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It's a Gene Thing (Grade 8 program)

Live show:

Why do humans and animals look and act the way they do? It's all about DNA! In this zipTrip, learn how Purdue scientists are studying the building blocks of life.

Program includes:

This program supports the revised Indiana Academic Standards for science and the National Science Education Standards.

Indiana Standard 3: Life Science (8.3.1, 8.3.3, 8.3.4, 8.3.5, 8.3.7, 8.3.8, 8.3.10)


  • A, Science as Inquiry
  • C, Life Science
  • F, Science in Personal and Social Perspectives
  • G, History and Nature of Science


Care to try a free sample? Here's a preview of what you'll get when you sign up for this Purdue zipTrip:

E-mail Questions

Double helix.

Purdue zipTrips™ really get students thinking! They want to know more about science careers, animals, and scientific inquiry.

During the LIVE show, students can e-mail questions to the scientists (ziptrips@purdue.edu), and scientists answer some questions on the air. Then, after the show, we send out a list of FAQs for students and teachers to discuss.

Here is a sample of some e-mail questions received from student audience members during It's a Gene Thing!:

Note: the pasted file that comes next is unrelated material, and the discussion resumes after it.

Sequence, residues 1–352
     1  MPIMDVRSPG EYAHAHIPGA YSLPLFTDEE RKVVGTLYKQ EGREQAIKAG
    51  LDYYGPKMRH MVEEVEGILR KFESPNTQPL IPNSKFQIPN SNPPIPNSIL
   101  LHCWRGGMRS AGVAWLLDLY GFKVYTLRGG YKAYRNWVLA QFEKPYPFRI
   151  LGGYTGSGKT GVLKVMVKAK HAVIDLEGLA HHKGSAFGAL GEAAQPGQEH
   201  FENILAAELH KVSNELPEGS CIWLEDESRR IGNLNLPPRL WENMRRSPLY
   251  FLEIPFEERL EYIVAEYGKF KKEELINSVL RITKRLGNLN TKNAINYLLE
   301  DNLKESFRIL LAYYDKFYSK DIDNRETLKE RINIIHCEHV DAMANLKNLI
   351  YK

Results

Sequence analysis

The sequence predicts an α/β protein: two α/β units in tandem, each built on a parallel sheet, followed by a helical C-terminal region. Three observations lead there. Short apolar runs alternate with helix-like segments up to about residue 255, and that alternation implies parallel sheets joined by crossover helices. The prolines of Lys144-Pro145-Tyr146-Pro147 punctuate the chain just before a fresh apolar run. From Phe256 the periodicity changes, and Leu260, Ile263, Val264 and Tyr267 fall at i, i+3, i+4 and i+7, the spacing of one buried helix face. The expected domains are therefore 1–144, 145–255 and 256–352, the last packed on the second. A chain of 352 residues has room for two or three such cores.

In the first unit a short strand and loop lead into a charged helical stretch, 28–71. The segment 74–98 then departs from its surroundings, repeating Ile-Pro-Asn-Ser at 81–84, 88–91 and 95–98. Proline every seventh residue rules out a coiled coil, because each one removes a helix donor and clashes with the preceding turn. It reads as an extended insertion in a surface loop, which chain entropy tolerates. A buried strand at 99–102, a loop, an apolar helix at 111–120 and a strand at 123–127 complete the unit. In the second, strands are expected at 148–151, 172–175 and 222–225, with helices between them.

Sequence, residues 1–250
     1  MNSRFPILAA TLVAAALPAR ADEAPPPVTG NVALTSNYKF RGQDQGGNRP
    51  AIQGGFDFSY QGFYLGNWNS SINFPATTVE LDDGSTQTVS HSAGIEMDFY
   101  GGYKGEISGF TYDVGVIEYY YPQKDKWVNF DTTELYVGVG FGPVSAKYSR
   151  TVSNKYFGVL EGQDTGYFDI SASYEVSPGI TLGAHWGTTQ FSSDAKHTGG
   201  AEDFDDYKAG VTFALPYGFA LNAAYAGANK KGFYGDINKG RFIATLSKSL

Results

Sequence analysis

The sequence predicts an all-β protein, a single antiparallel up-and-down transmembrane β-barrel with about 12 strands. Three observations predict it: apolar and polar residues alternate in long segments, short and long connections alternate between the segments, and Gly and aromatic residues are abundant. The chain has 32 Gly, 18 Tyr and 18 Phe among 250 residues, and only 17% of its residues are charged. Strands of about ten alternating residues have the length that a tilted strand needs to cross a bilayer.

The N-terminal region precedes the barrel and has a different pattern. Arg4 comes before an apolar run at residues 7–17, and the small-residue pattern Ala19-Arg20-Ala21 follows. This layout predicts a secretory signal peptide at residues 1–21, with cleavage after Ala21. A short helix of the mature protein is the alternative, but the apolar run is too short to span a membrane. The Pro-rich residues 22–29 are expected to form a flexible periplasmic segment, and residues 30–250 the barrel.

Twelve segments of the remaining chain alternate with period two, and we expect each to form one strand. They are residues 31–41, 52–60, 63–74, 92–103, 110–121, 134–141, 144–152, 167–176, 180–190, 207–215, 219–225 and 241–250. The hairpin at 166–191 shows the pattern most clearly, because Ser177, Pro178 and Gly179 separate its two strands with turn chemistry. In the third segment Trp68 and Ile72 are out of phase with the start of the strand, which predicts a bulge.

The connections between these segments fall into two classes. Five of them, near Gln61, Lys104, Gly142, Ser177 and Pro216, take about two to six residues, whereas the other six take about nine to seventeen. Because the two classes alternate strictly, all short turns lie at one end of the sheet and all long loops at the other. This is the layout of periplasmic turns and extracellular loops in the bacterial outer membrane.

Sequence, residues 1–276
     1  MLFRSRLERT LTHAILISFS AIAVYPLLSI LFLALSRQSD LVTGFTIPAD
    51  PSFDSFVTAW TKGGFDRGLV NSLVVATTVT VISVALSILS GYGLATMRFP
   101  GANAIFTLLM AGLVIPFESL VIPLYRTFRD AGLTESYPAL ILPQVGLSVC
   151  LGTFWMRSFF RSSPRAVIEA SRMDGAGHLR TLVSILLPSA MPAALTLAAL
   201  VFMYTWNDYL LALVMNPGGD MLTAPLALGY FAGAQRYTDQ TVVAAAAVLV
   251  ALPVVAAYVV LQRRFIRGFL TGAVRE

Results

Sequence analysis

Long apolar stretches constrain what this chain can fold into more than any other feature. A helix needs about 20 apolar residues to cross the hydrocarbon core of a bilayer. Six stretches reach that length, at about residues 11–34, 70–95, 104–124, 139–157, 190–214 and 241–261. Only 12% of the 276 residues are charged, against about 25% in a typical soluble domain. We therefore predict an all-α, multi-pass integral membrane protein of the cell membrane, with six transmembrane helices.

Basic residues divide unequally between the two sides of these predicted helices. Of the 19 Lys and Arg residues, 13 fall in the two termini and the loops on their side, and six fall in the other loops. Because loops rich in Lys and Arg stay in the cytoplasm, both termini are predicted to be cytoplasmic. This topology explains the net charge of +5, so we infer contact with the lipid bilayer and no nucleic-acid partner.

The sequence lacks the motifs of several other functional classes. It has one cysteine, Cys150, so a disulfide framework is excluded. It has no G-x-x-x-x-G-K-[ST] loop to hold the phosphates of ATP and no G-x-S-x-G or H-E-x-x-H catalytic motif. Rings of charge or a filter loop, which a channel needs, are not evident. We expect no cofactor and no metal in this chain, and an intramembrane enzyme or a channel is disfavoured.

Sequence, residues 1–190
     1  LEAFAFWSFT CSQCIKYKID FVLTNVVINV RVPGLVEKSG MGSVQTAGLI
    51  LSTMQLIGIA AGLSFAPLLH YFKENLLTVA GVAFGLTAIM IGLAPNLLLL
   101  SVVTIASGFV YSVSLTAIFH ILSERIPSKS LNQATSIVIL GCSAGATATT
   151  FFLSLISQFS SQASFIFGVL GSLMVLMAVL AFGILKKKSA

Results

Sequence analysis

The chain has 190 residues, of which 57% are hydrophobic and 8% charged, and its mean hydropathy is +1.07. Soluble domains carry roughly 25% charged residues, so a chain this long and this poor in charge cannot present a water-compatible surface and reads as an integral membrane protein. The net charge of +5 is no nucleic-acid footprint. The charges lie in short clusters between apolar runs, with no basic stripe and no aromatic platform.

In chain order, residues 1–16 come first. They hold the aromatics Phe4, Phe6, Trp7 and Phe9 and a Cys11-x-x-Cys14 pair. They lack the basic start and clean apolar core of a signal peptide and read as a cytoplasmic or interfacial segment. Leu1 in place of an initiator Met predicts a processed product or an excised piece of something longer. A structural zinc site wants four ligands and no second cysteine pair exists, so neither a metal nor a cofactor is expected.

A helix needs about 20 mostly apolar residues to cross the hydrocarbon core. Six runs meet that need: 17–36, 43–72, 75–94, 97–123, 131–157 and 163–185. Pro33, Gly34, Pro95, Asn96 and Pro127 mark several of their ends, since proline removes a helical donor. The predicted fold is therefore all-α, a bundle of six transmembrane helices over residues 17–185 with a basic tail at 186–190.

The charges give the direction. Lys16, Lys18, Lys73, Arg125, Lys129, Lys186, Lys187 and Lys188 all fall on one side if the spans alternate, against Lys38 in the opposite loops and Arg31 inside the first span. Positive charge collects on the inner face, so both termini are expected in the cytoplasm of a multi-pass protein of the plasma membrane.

Student: How long have you studied this?
Wildlife Geneticist Matt Hale: Fish migration? I’ve been looking at the trout since 2009, and hope to continue to do so for a long time, as I think migration is fascinating!

Student: When does a fish normally migrate?
Wildlife Geneticist Matt Hale: That depends a lot on the species. The steelhead trout tend to migrate as two-year-olds in May to June. But other species, such as pink salmon, migrate after only spending two months in fresh water.

Student: How many chromosomes do fish have?
Wildlife Geneticist Matt Hale: That’s a good question! Chromosome number is very variable in fishes. Some species have many hundreds of really small chromosomes (like sturgeon, for example). The trout seem to have 29 chromosomes, but even that is variable between different species and it has even been shown to be variable between different populations of the same species! Very different from most mammals!



Student: How do you track salamanders?
Wildlife Geneticist Rod Williams: Some species can be tracked using a fluorescent powder and blacklight. These are generally the smaller species that do not move long distances. Larger species are surgically implanted with radio transmitters that allow researchers to track their movement with radio receivers. These transmitters can last up to two to three years.

Student: Why is salamander DNA such a good subject for DNA observation?
Wildlife Geneticist Andrew DeWoody: Salamanders have huge genomes, roughly ten times larger than the human genome.